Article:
In a new study published online June 25, 2018 in Nature Medicine, UC San Francisco researchers have identified a key biological pathway in human cancer patients that appears to prime the immune system for a successful response to immunotherapy drugs known as checkpoint inhibitors. The findings, including initial observations from human tumor samples, mechanistic studies in mouse models, then confirmation in additional patient samples, could better enable clinicians to predict which patients will naturally benefit from these promising new treatments, and potentially to modify the immune response in other patients to allow more people to benefit from these therapies.
Cancers are often able to evade the immune system by activating the “brakes” built into T cells that normally prevent them from attacking the body’s own tissues. By cutting these brakes, checkpoint inhibitor drugs can “wake up” the immune system to the threat of these cancers and has successfully eliminated malignancies in about 20-40 percent of patients with melanoma and certain other cancer types. In the best cases, awakened T cells continue to patrol the body and prevent the cancer from ever coming back. But in the majority of patients, immunotherapies fail to have their intended effect — even with their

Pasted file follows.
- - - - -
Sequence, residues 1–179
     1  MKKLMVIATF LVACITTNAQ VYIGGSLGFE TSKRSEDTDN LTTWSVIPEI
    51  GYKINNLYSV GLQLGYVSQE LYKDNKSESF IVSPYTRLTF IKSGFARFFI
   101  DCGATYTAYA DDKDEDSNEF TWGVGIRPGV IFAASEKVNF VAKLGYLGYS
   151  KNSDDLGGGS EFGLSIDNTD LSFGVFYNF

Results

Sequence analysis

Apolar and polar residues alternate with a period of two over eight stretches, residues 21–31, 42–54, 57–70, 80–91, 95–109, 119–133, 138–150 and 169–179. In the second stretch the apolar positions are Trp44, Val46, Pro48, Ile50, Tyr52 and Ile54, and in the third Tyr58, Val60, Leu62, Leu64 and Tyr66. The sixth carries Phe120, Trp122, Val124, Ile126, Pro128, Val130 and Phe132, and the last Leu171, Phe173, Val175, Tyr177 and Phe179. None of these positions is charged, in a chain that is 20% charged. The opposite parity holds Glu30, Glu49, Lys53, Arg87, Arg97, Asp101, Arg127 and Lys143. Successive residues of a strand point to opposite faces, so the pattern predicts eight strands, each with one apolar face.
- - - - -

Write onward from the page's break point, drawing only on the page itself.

Article originally posted at